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Josh Itiola of Vitsœ shares the brass tacks of storage.
THE HOURS THAT WE'VE CLOCKED working from home have altered the way we orient ourselves in our spaces. Conference calls have compelled us to curate backdrops that project ourselves into the world accordingly, with constant tweaks to ensure that our personal style translates virtually. HBO’s dark dramedy “The White Lotus” hit this nagging desire on the head with actress Connie Britton’s running joke. While on vacation in the Tradewinds Suite, her character, girlboss Nicole Mossbacher, rearranges the furniture for daily Zoom calls with colleagues in China — much to the annoyance of her family.
Seeking out the perfect Zoom backdrop to reflect one’s erudite and cultured abode leads many consumers to Vitsœ, the German modern design firm that deals in high-end modular shelving and furniture. The perceived popularity of appointed bookshelves as a statement backdrop — popping up behind celebrities, politicians, and news anchors — is no myth. “I’ve literally had clients who said, ‘Oh, I’m buying Vitsœ just for my Zoom background,’” says Josh Itiola, a furniture consultant and planner at Vitsœ’s New York showroom. Itiola, who initially studied engineering and design, has been working at Vitsœ for the last six and a half years, creating solutions and helping clients fulfill their decor goals.
Designed by Dieter Rams in 1960, the Vitsœ 606 Universal Shelving System is widely considered the crème de la crème of modular shelving. Rams is the German industrial designer who’s famous for penning seminal text “10 Principles for Good Design” in the 1970s, an ideological 10 commandments for the design world. The clean lines and airy-yet-sturdy construction of Rams’ 606 system are so iconic that the system, famously, has never changed since its inception.
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The perceived popularity of appointed bookshelves as a statement backdrop — popping up behind celebrities, politicians, and news anchors — is no myth.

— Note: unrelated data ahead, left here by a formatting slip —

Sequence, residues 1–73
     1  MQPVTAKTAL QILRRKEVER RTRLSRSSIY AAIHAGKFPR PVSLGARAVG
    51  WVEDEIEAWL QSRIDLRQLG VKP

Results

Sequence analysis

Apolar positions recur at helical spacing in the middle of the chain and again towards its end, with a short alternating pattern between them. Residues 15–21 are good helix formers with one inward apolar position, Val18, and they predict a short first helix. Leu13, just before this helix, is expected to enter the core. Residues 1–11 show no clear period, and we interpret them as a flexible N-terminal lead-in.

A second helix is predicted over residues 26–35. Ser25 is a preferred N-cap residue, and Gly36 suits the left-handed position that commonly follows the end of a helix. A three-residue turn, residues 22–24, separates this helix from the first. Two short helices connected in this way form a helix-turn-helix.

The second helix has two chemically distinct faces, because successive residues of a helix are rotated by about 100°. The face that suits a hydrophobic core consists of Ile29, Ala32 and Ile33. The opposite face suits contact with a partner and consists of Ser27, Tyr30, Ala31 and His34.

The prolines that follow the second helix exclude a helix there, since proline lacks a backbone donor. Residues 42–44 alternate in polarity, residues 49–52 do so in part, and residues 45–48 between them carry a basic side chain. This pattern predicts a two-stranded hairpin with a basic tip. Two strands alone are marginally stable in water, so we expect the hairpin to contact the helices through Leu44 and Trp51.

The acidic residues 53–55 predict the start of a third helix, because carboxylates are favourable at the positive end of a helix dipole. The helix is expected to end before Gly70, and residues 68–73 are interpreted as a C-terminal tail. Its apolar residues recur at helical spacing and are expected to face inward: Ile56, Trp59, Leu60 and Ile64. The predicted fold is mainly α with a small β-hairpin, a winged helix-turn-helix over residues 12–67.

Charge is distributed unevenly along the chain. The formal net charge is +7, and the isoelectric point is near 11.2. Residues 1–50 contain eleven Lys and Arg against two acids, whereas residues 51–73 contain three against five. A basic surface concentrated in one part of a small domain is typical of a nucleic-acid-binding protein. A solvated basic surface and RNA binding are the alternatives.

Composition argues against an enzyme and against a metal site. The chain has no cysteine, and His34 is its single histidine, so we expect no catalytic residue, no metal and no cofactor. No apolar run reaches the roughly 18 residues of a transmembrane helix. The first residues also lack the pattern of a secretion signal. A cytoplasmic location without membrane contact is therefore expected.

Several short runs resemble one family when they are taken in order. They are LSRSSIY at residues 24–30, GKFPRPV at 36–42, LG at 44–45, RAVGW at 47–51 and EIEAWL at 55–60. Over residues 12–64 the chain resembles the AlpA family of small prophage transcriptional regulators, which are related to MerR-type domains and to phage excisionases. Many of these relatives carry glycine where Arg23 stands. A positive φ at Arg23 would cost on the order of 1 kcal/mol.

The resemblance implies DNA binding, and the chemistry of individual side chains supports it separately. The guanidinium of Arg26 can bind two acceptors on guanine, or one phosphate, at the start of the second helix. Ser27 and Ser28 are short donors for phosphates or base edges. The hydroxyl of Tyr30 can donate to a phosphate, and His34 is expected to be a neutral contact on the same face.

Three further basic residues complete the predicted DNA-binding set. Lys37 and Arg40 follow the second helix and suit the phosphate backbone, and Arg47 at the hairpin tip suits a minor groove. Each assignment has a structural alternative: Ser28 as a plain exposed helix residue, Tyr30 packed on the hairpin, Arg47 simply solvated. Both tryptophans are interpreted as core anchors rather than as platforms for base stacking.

Despite the uncertainty of the fiscal markets in the COVID-19 era, the furniture market is one that has seen exponential growth. “It was crazy and pretty busy, thankfully,” says Itiola. “I think the entire furniture world had a positive result from the pandemic. Everyone was reflecting and seeing their space in a different way. People thought: Oh I actually want to enjoy my space. If I'm going to be in it, I want to invest in what I have going on here, you know?”
If you, too, have been pondering ways to maximize your space and optimize storage that are at once aesthetically pleasing and efficient, look no further: We spoke with Itiola about how to approach and embrace modular shelving.
State Your Intent
When kicking off the design process, Itiola suggests starting with a clear intention. “The one question I'll ask every single person I deal with is: What do you intend to use the system for? One hundred percent of the time, this helps to inform the planning process. They might have only thought about how they’re living at the moment, and not about how the system will interact and evolve their space and their lives.” This line of decor soul-searching helps to shift the process from a purely aesthetic point of view to a question of function. It’s a moment to consider how design can augment the way we interact with our surroundings. “Clients have a sense of what they want the system to look like, but also it may not actually solve their issue.”
Start Small and Embrace the Evolution
After exploring the myriad configurations and seemingly endless possibilities of Vitsœ’s 606 Universal Shelving System, it can be extremely tempting to dive head-first and go full-on maximalist. On the contrary, Itiola suggests starting small, and embracing the eventual evolution of the system. “Because it's a system that has never changed from its original design, you can always start small and add on to it,” says Itiola. “The first shelving that I purchased was a closet system that I built out because the partner that I was living with at the time took up all of the actual closets in the apartment. Over the years, it's evolved into four different types of systems across three apartments.” For city dwellers who might change apartments every couple of years, the malleable nature of modular shelving makes it a true blessing. “When we moved, it was split up into two separate closets. And then I took some of the shelves from it and put it in our kitchen, and some shelves are also now in my office.